Play Live Radio
Next Up:
0:00 0:00
Available On Air Stations

Coming to Terms with New Orleans' Flood Zones


And as that hurricane season approaches, we have more news this morning from the Bordelon's. They're a couple in St. Bernard Parish, just outside New Orleans. They lived in their house through almost all of the flooding last year and told us last fall that they are determined to stay.

Mr. DONALD BORDELON (Resident, St. Bernard Parish, Louisiana): My house right now, I could put some paneling in and some sheetrock and some paint on and some new doors, and you know, make it really look nice again. You know?

Ms. COLLEEN BORDELON (Resident, St. Bernard Parish, Louisiana): We've got more than most. We got something to start with.

INSKEEP: For months, the Bordelon's have impressed many of us with their optimism. Listen carefully, and you hear people laughing sometimes to keep from crying. But it may be harder than they thought to recover. This week the government released flood maps showing many people must raise their homes or lose the chance for affordable flood insurance.

Yesterday, Donald Bordelon went to get the newspaper to find out if he was affected.

Mr. BORDALON: Yeah, buddy, we got, we're in big trouble, man. It does include us. We're supposed to raise the house three foot, before we can get flood insurance again.

INSKEEP: Oh, man.

Mr. BORDALON: As of right now we have flood insurance for next year. The following year, the way the paper says it, if we don't raise our house we're going to have a really big increase in our insurance. Which ain't no good, but what can you do, you know? I really can't, you know? So I'm going to spend $200,000 dollars and raise the house three foot? That don't make much sense. I had 14 foot of water in this house. What's three foot going to do? This just makes me mad, really.

INSKEEP: I guess the theory of the government is that a hundred year flood, as they call it, would not be quite as bad as the levy collapse that you dealt with last year. Maybe it would be less than three feet of water, that's a hundred year flood. That's their theory anyhow.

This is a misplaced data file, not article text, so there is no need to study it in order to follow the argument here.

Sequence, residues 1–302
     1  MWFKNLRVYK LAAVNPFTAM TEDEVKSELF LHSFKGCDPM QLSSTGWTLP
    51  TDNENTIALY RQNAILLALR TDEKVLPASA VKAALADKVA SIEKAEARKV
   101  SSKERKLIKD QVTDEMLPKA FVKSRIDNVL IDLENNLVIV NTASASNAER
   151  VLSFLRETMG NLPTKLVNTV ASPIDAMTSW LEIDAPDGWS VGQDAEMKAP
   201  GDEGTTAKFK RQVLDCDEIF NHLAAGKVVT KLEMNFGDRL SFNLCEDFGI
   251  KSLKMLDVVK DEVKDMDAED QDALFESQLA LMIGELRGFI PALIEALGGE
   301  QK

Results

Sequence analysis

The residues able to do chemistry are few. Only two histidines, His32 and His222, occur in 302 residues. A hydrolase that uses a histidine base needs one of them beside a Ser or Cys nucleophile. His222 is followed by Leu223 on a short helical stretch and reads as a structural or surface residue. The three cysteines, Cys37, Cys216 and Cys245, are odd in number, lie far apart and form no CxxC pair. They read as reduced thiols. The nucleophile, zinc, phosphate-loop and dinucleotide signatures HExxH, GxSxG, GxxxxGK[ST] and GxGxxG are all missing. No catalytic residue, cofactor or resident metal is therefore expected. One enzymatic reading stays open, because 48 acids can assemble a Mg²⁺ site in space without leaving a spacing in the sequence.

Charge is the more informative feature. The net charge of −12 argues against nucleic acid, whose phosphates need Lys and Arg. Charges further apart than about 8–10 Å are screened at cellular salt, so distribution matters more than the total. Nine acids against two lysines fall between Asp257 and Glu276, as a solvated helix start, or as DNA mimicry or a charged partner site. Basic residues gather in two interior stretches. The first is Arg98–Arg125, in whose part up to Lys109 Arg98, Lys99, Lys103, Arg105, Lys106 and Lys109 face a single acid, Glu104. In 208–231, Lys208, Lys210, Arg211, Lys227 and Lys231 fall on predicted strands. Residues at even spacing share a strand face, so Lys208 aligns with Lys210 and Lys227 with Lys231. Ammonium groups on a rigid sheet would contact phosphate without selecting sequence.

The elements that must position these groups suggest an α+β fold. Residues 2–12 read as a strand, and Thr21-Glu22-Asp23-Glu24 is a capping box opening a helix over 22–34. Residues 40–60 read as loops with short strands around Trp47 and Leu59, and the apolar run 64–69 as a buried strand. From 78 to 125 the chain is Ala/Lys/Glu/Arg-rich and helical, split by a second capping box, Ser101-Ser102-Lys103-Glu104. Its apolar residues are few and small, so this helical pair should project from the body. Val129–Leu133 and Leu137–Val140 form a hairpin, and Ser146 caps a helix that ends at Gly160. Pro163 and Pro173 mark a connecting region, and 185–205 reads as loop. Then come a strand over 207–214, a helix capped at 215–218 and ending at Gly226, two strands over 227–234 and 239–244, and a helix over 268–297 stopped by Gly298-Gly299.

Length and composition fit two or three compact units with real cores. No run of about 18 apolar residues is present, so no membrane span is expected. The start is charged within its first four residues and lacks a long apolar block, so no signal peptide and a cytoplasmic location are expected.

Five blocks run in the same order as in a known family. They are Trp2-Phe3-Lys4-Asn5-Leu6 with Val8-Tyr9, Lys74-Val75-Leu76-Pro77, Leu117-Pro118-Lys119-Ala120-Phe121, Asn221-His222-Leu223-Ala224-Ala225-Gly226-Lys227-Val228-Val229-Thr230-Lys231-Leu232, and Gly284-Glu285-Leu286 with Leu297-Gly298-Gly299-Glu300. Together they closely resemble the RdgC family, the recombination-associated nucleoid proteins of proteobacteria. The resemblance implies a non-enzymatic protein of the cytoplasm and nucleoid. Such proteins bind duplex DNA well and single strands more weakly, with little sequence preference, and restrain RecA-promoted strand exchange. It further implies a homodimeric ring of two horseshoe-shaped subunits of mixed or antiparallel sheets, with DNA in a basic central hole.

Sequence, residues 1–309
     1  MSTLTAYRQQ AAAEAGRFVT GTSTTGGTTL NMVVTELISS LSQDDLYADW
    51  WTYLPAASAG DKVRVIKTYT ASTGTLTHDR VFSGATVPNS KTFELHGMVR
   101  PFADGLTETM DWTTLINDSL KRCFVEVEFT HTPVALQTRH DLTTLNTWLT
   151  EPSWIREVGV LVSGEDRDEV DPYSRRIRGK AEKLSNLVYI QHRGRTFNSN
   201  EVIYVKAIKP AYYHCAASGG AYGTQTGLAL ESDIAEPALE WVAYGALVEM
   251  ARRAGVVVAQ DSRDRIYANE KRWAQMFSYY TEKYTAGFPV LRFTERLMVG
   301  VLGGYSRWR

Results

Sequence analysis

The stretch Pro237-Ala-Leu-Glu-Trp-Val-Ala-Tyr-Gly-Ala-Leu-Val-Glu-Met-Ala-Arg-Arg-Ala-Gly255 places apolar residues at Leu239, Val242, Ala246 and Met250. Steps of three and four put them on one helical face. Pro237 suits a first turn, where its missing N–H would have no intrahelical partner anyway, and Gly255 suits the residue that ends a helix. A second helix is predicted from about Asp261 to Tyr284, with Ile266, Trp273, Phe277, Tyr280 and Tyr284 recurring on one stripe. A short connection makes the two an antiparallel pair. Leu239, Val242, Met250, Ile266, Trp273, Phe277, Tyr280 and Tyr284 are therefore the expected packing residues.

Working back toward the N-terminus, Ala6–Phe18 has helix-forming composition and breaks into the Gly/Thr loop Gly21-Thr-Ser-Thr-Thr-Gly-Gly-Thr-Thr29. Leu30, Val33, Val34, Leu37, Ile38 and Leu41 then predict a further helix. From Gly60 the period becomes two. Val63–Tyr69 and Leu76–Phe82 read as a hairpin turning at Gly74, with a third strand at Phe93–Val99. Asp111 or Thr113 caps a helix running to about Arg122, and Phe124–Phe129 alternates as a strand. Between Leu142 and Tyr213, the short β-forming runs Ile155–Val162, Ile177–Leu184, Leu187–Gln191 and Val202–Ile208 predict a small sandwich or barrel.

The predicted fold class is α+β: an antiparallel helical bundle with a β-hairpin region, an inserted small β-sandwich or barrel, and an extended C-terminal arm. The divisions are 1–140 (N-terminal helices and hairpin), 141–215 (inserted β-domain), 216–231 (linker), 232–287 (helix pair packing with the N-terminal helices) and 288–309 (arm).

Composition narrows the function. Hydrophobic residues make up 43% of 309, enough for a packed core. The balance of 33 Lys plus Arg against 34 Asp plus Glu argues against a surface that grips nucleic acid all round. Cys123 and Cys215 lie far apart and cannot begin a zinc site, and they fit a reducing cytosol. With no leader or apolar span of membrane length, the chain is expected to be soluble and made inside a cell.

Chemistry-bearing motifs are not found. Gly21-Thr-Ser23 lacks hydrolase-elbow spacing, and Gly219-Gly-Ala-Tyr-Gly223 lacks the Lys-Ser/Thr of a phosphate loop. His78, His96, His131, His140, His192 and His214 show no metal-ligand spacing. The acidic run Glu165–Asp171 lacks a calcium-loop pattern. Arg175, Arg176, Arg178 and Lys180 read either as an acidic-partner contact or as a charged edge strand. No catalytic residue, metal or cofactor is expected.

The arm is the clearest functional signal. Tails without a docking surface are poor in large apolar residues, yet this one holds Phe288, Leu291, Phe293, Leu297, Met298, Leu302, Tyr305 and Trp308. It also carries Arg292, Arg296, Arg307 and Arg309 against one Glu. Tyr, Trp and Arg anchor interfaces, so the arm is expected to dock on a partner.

Ms. BORDALON: Well, my theory is instead of putting all the money in making people raise their houses, they'll raise the levies and fix the levies better. I used to be nice, Steve, but I think I'm starting to get the Katrina bug or something, because I'm starting to get aggravated. And I hate to get like that because that's not me.

INSKEEP: I was going to say, things must be getting pretty bad if you're getting aggravated.

Mr. BORDALON: That ain't no joke. If you get Colleen mad we're in trouble, guys!

INSKEEP: Well now, remind me here Donald, this is the house you grew up in, right? It's been there for...

Mr. BORDALON: Yeah, I was born and raised in this house, to tell you the truth, man. You know, we just added on to it. And added on, and added on.

INSKEEP: And your guess is now that with this requirement to raise your house three feet, that might cost you more than the whole house?

Mr. BORDALON: There's no doubt in my mind, buddy. I'll tell you what, tell you what you do, Steve. No joke, man. You know a lot of people, man. You get in touch with a structural engineer. You send him over here and you let him look at this place. And you know what he's going to do? He's going to laugh at me. How can you raise this up, yeah.

INSKEEP: What are you going to do? Because it sounds like if you don't do this, it's going to be really hard for you to get flood insurance.

Mr. BORDALON: Well, I'm going to tell you like this, buddy. Next year I have insurance. The following year, we'll have to see what it is, how much it's going to cost. It's just going to be raised up so much the way, you know, you can't afford it no more, you know?

INSKEEP: So now, I realize you folks have just gotten this news while you've been on the phone with us, but do you know what you're going to do next?

Mr. BORDALON: Steve, we really don't, man. You know, it's, Colleen's getting disgusted. Now I just kind of made it where, I kind of make a joke, I laugh it off, you know? Yeah, whatever they want to do, you know? I quit getting disgusted, man. I try to stay happy, you know? I try to stay happy all the time, man. But it does it, oh, it's just a big ole mess down here, you know? Give us another holler back in a couple months, you know, and we'll see where we're at by then. I might be crying next time. I might be screaming and hollering. I might be locked up in jail, I don't know.

INSKEEP: Well, I hope all this news doesn't spoil your Easter weekend, because it sounds like you've got family coming in and everything else.

Mr. BORDALON: Oh, no buddy, can't do that, man. Oh man, my nephew's coming back, man. We've some crabs already ordered. We've got some oysters ordered. We've got some crawfish ordered. We're going to have a big get-down, man. Wish you was around here, man, you could pass over and eat with us, buddy. I really do, man.

INSKEEP: Oh, be careful, because I'm going to get down and see you again one of these days.


Ms. BORDALON: Well, this Sunday's just Easter and the family. But next Sunday, plan on next Sunday.

Mr. BORDALON: You ought to pass over. No joke.

Ms. BORDALON: Next Sunday, because Ben's going to have all his little friends and that over here too. So we're looking for a big gang over here, so we might have to close off the street and have a block party.

INSKEEP: Well, Donald and Colleen Bordalon, it's great talking with you as always.

Ms. BORDALON: You too.

Mr. BORDALON: All right, man. Transcript provided by NPR, Copyright NPR.

Steve Inskeep is a host of NPR's Morning Edition, as well as NPR's morning news podcast Up First.